Saturday, December 14, 2013

Whole Brain Teaching - Part One

My second year teaching Spanish has already been exponentially better than my first. For one, the students know me better so there is slightly less limit testing than last year. Second, we switched from 55 minutes once every six days to 25 minutes twice every six days. The shorter time is easier for them to take in an immersion style class.

And just as importantly I adopted a new classroom management system - Whole Brain Teaching. I wholly suggest visiting the website wholebrainteaching.com and watching some videos on youtube. It works better if you adopt it ALL rather than just parts. Up first is a video that I found this summer that really inspired me to give Whole Brain Teaching a try. Below is a summary of the signals and routines that we use in my classes and how I introduced them to my students.




Quiet signal - I say "clase, clase" and the students respond with "sí, sí." Then they get so quiet that if someone walked in they would think we were all sleeping. (Yes, I say exactly that when I explain it to the kids.) They have to say sí, sí  however I say clase, clase. So if I draw it out really long with a dip at the end then they should too. If I whisper then they should whisper it. I usually play around with the signal to keep their attention. Sometimes I sing it. Sometimes I say it three times instead of twice or once really short. It keeps them on their toes.

Hands, hands and eyes - This is the signal when I really want their attention. I don't use it as often as I should based on the advice from wholebrainteaching.com. I tend to use it to give instructions to a game or clean up at the end of class. I say "manos manos ojos" and the students repeat it back putting their hands together and staring at me like I have a big cheeseburger on my forehead (this is particularly effective for the second and third graders who have me just before lunch.)

Mirror - On the Whole Brain Teaching website they suggest "chunking" material and having students repeat after you with gestures. The gestures help those kinesthetic learners and prepares my novice speakers to augment their communication using gestures.  I say "espejo" and the students say "espejo OK." I have pictures with the words in Spanish on the SMART board in my prezi presentation and the kids repeat after me with the gesture. That way they see, hear, and act out each word or phrase. I teach one word or phrase at a time and work up. I don't exceed 10. Once I've taught the new vocab/phrases we insert them into games, read them in authentic resources, and use them in simulations. I do usually review them briefly using Espejo at the beginning of each class so as to bring students back into what we are doing since I sometimes go several days between seeing them.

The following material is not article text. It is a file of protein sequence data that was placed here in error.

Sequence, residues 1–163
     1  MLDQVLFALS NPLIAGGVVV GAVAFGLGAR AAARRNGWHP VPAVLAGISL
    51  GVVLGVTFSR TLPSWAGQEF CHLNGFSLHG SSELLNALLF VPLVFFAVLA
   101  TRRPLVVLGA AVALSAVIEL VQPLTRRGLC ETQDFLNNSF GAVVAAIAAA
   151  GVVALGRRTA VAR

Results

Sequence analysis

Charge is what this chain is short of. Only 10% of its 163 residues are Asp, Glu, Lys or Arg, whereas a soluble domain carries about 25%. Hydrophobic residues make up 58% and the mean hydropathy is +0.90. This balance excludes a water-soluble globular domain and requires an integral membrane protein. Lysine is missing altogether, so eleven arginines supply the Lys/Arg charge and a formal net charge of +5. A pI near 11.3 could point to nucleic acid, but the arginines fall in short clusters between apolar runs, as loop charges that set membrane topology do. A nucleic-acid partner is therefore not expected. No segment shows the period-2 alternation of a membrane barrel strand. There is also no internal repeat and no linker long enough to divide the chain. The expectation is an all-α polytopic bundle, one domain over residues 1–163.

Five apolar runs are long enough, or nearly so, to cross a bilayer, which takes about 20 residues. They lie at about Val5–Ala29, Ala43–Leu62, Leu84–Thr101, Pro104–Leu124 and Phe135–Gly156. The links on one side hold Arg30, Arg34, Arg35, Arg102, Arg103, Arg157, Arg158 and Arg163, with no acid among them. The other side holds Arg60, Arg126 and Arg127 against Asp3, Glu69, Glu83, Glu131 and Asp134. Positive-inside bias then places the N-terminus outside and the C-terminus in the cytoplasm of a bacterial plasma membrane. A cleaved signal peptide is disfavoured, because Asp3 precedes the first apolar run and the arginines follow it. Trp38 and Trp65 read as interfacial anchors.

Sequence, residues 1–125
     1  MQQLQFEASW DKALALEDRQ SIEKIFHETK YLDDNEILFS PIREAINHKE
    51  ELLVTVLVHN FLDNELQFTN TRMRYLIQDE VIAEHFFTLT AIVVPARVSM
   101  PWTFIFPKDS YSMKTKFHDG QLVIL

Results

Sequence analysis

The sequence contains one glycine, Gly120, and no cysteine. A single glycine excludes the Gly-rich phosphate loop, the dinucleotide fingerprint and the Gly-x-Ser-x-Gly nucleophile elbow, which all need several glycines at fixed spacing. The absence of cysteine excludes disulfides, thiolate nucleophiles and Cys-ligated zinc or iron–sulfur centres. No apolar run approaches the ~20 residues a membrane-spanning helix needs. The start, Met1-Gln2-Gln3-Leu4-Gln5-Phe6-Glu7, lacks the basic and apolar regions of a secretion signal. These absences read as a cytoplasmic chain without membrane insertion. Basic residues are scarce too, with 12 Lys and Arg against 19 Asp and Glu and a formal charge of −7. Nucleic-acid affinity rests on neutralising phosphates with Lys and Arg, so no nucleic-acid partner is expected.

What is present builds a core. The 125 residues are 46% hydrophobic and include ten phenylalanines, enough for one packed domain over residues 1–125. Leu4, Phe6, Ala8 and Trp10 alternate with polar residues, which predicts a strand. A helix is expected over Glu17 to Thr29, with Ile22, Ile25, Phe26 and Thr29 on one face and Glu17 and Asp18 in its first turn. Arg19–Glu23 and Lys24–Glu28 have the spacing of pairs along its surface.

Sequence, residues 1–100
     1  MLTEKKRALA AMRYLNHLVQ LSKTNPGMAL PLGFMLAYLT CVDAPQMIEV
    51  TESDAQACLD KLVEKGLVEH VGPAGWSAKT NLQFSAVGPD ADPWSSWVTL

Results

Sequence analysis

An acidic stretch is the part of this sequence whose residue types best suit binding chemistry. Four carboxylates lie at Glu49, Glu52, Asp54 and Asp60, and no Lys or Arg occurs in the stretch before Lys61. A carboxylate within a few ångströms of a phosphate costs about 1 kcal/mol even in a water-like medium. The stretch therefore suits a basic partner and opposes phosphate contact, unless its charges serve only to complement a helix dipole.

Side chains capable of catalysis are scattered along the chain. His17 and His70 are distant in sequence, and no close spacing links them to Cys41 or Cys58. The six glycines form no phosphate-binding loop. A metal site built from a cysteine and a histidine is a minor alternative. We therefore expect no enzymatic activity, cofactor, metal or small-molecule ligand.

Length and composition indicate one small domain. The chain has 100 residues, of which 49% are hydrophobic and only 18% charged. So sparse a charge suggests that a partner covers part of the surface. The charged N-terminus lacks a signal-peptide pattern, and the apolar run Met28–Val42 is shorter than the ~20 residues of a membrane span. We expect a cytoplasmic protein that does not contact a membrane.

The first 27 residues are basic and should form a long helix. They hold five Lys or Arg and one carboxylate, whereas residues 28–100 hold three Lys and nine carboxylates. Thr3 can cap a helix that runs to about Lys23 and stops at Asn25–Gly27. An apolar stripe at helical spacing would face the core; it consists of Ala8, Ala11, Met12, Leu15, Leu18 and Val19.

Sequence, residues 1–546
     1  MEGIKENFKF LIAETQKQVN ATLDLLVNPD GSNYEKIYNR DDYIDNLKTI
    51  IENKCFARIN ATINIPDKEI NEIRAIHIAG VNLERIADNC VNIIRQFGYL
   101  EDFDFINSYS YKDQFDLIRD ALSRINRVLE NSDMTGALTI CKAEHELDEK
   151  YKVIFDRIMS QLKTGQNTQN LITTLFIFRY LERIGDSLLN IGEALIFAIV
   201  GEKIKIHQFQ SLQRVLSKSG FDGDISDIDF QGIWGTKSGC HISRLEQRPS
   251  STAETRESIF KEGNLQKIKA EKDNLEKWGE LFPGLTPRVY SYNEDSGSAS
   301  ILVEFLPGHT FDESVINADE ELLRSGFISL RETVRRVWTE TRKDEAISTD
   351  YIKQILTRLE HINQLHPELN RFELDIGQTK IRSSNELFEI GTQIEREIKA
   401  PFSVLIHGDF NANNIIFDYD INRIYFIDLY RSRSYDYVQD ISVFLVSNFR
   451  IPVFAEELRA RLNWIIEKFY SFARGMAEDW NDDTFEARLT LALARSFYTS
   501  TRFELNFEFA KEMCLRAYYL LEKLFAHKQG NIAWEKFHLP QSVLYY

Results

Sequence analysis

Teach - After mirroring me students need to teach and practice with their classmates to help solidify the new information in their brains. I say "enseña" and the students say "enseña OK." Then they turn to each other and practice the information we just practiced in the mirror phase. With conversations, one student asks the question and the other student answers.

Switch - To make sure that everyone gets a turn to teach we switch halfway through. Students who were teaching now listen and students who were listening now teach. OR, if we are doing a question and answer then one student asks and the other student answers and then they switch roles. I say "cambia" and the students say "cambia OK."

http://1.bp.blogspot.com/-jxjbO_Rwq10/T1FoVAiyIPI/AAAAAAAADq0/uDtEBnsOQh4/s1600/Capture1.PNG

Now here's the important part - we practiced and practiced and practiced at the beginning of the year. Some classes we still sometimes  stop class and practice some more.  Some people claim that they can start class in 90% TL right from day one. I am NOT one of those people. I wanted my students to know exactly how my routines would work. We learned the signals by going over and over and over the rules. I mirrored them with gestures. They taught them to each other. Then they switched. I got them quiet using the quiet signal. We practiced manos, manos ojos. UNTIL THEY GOT IT. I didn't start teaching content or speaking mostly in Spanish until the third rotation or I was sure that the class knew the routines. Now that they know them I speak much more Spanish in class than I ever did before!

And speaking of rules, that's part two of my series on Whole Brain Teaching. 

See Part Two - The Rules and Part Three - The Scoreboard.



4 comments:

  1. Wow! This is a great post. I can't wait to try some of these ideas and do more reading about the Whole Brain Teaching. Thanks!

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    1. Thank you! If you do try it out I'd love to know how it goes for you. Definitely check out the website www.wholebrainteaching.com - they have lots of free resources there.

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  2. Question: do you call it "Whole Brain Teaching" still, or name it something in Spanish?

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    1. Since I don't tell the kids, "And now we're going to do Whole Brain Teaching" I didn't bother with a Spanish name for it. The parts I do with my students I did change into Spanish since I try to stick to ACTFL's 90% TL recommendation.

      Thanks for reading!

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